Despite clear results from the two recent analyses, the topic is still complex and many uncertainties remain.7 The two studies include evidence from randomised controlled trials. Although well conducted randomised trials are considered to provide strong clinical evidence, trial participants are a highly selected group, recruited according to clear inclusion and exclusion criteria, and evidence from trials cannot always be extrapolated and applied to the general population. Although these recent results are supported by some observational studies,3 7 the scientific question of whether we should recommend low dose aspirin for everyone could be answered only by using a distinct causal modelling approach. Such an approach is complex and has rarely been used to analyse observational data.8 If low dose aspirin has a causal effect in cancer prevention, then this effect must be present across different study designs. However, large scale primary prevention trials in men and women have failed to show an effect of low dose aspirin on colorectal cancer, total cancer, or cancer mortality.9 10
There is little doubt that low dose aspirin has beneficial effects on cardiovascular events. But even in this area, which has a large body of evidence,11 it is unclear which patients should be given aspirin because the benefits are not constant across groups with different risk factor profiles.12 For cancer prevention, where far less published evidence is available, the uncertainty is even greater. For example, what should a doctor recommend to a patient with Barrett’s oesophagus, who is considered to be at higher risk of developing cancer, but who may not tolerate the gastric side effects of aspirin. What about patients with asthma? How should a doctor advise the patient with a family history of cancer but a propensity to bleed in whom there is a small chance that aspirin may induce a major bleeding event? Results of one of the recent studies suggest that an increased risk of bleeding is only apparent in the short term,5 but should we take the risk of prescribing aspirin in the hope that the patient gets through that short time window of increased bleeding risk without an adverse event?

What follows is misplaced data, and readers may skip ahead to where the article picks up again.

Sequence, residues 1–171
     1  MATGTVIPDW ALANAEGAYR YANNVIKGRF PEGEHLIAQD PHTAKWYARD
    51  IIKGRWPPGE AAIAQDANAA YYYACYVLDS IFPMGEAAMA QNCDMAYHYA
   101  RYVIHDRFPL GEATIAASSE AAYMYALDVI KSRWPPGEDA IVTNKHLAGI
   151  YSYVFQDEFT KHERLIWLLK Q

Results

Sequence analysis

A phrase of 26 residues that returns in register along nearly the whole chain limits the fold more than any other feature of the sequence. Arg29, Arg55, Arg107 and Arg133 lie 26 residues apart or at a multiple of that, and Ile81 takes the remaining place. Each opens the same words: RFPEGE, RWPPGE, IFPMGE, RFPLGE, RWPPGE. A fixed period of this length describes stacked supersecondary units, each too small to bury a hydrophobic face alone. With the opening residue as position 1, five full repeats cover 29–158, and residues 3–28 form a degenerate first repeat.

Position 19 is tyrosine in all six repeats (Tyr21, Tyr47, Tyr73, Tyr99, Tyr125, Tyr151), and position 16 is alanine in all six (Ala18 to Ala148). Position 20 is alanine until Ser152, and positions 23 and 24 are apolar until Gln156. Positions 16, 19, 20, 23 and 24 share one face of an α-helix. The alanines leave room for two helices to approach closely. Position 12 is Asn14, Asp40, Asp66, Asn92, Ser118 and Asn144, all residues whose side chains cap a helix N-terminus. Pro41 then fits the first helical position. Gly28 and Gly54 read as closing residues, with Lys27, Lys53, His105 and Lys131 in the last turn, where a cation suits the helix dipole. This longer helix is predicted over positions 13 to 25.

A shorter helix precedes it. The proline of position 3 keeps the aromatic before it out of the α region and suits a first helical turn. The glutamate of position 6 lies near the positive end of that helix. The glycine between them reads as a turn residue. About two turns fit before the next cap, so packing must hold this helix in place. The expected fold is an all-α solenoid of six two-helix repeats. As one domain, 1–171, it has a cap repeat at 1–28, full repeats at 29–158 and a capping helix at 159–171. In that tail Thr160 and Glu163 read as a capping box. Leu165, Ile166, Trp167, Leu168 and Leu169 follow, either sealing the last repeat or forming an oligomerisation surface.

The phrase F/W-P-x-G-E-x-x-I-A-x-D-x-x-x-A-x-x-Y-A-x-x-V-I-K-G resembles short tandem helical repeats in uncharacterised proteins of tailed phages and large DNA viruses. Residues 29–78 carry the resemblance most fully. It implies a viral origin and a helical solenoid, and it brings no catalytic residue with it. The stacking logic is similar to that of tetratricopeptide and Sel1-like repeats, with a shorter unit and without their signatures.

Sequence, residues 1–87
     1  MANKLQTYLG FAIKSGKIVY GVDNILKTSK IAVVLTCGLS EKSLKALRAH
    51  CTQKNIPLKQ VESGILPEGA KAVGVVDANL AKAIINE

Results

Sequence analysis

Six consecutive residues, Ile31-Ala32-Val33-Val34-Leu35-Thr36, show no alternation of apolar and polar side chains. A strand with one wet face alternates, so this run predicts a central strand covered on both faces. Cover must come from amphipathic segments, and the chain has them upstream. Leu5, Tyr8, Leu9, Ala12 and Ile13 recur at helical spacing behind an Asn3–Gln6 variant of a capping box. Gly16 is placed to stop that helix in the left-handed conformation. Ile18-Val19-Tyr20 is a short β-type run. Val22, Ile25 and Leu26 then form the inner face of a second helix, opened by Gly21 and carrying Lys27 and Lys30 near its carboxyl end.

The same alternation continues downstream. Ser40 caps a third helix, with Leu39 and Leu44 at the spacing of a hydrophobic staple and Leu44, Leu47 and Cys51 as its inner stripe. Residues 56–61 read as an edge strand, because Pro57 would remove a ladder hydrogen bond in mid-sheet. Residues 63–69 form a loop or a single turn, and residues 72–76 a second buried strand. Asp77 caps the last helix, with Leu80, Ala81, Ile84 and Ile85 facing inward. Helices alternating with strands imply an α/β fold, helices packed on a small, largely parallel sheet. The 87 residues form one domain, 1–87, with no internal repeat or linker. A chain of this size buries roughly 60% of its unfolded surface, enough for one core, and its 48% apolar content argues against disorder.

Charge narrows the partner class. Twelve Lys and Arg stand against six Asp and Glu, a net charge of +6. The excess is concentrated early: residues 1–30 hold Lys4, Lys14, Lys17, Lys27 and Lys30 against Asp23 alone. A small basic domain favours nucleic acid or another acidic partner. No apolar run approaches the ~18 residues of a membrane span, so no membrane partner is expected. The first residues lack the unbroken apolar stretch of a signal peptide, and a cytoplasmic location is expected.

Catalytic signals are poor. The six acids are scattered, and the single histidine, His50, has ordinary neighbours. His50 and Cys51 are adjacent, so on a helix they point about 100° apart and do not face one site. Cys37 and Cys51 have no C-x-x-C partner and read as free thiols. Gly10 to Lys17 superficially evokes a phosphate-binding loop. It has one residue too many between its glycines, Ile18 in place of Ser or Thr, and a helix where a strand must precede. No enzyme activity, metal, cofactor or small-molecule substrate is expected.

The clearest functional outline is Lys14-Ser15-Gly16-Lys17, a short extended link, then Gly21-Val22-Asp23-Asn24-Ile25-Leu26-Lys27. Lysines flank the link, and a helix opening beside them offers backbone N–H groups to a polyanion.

Too many questions remain unanswered to warrant a recommendation to treat all adults with low dose aspirin to prevent cancer. However, the increasing evidence that aspirin may interfere with the pathogenesis of at least some cancers is compelling and should motivate further targeted research at the population level. Efforts to study the effect of low dose aspirin on cancer occurrence should include the application of appropriate causal modelling to observational data, in addition to the identification of subgroups of patients who would benefit most and those in whom adverse effects of aspirin are most likely to occur. Research should focus on plausible interactions of specific biological mechanisms, including biomarkers and genetic information. Until then, doctors should continue to make decisions on long term treatment with low dose aspirin in individual patients by carefully balancing risks and benefits.
Cite this as: BMJ 2012;344:e2480
Competing interests: The author has completed the ICMJE uniform disclosure form at www.icmje.org/coi_disclosure.pdf (available on request from the corresponding author) and declares: no support from any organisation for the submitted work; no financial relationships with any organisations that might have an interest in the submitted work in the previous three years; TK is consulting clinical epidemiology editor of the BMJ.
Provenance and peer review: Commissioned; not externally peer reviewed.